There were no regularly scheduled parent-teacher conferences.
A teacher would just meet with a student to resolve problems rather than bringing in the parents.
Nearly 1 in 6 Polish children live in poverty (that’s high, though not as high as the 1 in 4 Oklahoma children who live in poverty).
Beginning in 1998, the nation’s leaders launched an ambitious new plan to improve education.
They also faced a much higher bar to become teachers.
Teacher colleges in Finland are highly selective, and teachers must complete a lengthy research project and a year-long residency as a student-teacher before fully entering the profession.
Getting an accurate picture of a nation’s education system from the outside is no easy task.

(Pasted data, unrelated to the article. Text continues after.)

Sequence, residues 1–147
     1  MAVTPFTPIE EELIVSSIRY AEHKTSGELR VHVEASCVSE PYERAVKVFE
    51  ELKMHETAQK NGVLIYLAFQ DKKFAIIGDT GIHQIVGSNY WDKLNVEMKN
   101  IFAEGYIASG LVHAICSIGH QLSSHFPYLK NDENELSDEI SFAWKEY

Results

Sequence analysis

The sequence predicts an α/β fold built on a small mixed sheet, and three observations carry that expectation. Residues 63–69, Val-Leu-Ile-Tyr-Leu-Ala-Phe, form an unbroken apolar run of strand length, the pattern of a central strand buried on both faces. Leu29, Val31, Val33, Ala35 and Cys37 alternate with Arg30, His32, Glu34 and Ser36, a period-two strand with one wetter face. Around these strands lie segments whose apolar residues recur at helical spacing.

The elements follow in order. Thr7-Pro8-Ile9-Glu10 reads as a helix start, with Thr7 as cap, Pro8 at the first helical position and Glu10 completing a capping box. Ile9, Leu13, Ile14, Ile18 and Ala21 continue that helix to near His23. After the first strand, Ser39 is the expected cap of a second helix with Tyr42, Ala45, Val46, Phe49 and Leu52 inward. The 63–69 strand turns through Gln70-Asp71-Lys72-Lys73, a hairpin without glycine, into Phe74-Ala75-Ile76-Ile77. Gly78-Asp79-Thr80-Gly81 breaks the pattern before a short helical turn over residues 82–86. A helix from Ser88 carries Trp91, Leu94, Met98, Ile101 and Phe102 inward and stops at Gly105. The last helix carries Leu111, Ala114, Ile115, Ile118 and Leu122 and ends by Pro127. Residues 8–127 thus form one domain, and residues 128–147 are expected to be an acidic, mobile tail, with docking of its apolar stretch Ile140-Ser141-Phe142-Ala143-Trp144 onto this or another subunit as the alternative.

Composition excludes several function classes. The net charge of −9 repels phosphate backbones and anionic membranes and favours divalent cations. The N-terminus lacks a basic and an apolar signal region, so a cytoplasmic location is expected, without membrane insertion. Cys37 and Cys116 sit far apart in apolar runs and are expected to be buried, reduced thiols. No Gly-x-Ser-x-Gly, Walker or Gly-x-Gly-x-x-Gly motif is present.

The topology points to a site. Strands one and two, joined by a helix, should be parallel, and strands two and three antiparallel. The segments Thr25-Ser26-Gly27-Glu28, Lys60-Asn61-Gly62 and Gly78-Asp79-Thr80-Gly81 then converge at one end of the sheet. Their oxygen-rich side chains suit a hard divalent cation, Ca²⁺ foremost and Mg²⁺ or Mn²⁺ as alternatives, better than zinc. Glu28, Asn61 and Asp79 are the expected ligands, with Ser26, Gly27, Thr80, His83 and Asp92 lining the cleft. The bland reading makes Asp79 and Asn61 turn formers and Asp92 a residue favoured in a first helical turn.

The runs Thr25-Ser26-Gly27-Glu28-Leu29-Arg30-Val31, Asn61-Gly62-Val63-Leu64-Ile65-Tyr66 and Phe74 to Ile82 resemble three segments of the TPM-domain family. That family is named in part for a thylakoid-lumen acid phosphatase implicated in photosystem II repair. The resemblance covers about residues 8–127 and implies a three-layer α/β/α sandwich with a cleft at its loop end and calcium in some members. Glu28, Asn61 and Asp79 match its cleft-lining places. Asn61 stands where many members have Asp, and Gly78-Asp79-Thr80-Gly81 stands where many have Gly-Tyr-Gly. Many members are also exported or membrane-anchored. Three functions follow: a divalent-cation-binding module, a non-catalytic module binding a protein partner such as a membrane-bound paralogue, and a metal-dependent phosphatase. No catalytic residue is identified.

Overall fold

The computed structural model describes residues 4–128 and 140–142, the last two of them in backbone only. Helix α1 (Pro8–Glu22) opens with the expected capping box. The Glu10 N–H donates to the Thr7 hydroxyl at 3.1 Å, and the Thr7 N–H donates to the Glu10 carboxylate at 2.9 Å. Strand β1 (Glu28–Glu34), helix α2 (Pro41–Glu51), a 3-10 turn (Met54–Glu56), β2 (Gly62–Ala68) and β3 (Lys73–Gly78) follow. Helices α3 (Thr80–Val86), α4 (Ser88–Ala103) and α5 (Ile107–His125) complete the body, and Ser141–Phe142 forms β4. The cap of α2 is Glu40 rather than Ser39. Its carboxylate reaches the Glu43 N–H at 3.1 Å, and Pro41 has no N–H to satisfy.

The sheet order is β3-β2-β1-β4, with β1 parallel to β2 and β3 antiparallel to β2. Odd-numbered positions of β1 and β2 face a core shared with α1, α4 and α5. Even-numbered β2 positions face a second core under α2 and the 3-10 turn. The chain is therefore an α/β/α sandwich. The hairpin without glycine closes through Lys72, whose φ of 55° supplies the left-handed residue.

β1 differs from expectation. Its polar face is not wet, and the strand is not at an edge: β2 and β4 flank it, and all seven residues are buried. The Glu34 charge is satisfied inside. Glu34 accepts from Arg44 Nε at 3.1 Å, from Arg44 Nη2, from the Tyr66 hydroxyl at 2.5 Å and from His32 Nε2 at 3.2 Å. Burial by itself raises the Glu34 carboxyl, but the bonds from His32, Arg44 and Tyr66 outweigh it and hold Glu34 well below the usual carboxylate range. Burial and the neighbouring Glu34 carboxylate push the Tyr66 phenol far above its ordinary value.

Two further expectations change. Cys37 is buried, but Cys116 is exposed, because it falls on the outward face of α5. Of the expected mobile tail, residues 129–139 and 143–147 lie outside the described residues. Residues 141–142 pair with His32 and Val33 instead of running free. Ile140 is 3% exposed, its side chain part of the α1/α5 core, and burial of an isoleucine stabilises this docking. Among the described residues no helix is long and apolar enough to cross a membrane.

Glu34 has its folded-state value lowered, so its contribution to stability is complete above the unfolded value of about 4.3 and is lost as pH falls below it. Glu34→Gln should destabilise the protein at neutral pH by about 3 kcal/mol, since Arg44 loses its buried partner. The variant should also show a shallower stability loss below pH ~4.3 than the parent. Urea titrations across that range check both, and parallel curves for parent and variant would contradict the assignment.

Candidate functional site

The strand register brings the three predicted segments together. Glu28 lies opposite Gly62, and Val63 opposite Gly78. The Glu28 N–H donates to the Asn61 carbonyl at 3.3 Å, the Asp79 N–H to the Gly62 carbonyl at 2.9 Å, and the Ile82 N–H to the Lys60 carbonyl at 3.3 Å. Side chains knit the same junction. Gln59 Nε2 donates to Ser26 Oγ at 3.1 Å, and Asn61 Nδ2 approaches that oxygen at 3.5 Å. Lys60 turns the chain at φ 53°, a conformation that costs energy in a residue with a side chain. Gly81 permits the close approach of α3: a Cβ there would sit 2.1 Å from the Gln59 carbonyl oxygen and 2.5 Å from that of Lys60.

It made sense to reward, train, and dismiss more teachers based on their performance, but that approach assumed that the worst teachers would be replaced with much better ones, and that the mediocre teachers would improve enough to give students the kind of education they deserved.
However, there was not much evidence that either scenario was happening in reality.
Teachers in Finland were also given more independence and respect.
They were paid better, had strong union protections, and they didn’t face the strict curriculum standards or test-based accountability that have swept through American schools in recent years.